06 Mar New Laws and Practices
Most savvy Board Members know that Civil Codes and Corporation Codes impact association operations. Every year there are new laws passed that have to be evaluated and implemented. In 2017, there were at least seven laws passed that directly or indirectly impact common interest developments. The summary below focuses on the most universal and notable.
County Recorder – Increased Costs: While technically not a new law, there is a new recording fee being charged by County Recorders’ offices which significantly impacts collection costs. The County Recorder is now charging $75 per recorded document. Given that assessment liens are recorded when filed and recorded when released, this equates to an additional $150 per lien cycle. These costs are passed along to the delinquent owner, but the Associations have to pay this fee upfront.
Conflicts of Interest: Effective January 1, 2018, we incorporated this new requirement of management agents with our Annual Disclosure Statements in late 2017. AB 690 stipulates that managers and management companies are now required to disclose if we receive any referral fees or benefits from third parties distributing association documents. Distribution of documents most generally happens during the resale process. We are also required to publicly disclose costs for those documents and outline how an owner may obtain those without using a third party. This information has already been distributed to all associations with a calendar year end and is available at any time.
Freedom of Assembly: We all know that our First Amendment rights cannot be superseded by our association. What SB 407 changes is that an association can no longer charge a fee or a deposit for an owner to use common area for peacefully assembling and communicating with other members. The purpose of common area use should be focused on matters affecting the community overall such as elections, legislation, election to public office or other public matters such as initiatives or referendums.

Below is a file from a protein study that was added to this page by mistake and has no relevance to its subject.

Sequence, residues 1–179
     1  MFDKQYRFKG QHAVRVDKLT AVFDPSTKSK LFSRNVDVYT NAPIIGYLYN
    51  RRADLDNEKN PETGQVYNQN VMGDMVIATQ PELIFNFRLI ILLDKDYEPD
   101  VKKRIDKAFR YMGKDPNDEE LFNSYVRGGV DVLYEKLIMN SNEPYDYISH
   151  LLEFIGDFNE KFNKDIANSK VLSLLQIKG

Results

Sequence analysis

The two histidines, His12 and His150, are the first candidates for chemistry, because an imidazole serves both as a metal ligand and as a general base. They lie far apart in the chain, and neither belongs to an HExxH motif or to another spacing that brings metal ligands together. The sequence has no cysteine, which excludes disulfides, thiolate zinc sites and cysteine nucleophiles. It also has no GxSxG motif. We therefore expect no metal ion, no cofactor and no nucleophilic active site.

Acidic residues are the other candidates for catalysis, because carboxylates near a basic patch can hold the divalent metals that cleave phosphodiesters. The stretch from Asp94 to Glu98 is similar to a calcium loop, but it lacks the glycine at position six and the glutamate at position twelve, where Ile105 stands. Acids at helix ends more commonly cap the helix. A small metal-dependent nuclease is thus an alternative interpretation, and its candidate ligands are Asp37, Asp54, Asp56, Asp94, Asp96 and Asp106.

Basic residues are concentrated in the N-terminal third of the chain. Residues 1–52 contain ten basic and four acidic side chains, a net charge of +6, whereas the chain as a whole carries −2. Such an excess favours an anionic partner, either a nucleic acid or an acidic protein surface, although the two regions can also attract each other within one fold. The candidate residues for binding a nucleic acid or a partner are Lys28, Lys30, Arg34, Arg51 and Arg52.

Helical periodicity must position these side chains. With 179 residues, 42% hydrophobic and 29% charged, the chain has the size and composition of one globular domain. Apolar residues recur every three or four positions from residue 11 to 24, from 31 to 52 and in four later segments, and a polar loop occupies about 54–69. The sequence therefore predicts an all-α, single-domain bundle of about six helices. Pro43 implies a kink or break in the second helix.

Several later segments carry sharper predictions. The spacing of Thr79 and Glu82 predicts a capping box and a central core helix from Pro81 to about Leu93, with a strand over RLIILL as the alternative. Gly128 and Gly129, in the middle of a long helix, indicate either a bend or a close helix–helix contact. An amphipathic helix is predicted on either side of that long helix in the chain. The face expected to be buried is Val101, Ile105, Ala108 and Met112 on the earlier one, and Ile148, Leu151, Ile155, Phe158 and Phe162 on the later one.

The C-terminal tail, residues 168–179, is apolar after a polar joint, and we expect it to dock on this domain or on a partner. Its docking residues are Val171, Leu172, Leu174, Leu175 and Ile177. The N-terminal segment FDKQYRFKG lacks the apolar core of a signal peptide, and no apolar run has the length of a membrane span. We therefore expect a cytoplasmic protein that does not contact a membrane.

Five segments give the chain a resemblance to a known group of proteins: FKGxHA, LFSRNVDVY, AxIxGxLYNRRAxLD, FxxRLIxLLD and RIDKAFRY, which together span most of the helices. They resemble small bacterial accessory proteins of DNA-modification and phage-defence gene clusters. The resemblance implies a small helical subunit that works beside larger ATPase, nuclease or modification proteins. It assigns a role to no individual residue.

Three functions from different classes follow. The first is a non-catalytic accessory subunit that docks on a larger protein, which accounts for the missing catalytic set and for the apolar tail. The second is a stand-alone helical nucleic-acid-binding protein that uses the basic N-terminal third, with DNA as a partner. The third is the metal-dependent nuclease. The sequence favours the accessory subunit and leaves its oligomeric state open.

Solar & Community Roofs: The approval process for an owner’s installation of solar panels is far from new. Most associations have addressed this installation in architectural guidelines. AB634 addresses how solar panels might be installed by an individual owner when the roof or other appropriate surface is owned in common (i.e., condominiums and other attached products). The bottom line is that Boards cannot unilaterally prohibit the installation of solar panels on common areas; however, Boards can implement fairly restrictive requirements prior to granting approval.
Should you have any questions regarding this summary or other laws passed for the 2018 year, please feel free to contact us directly at 800-227-6225.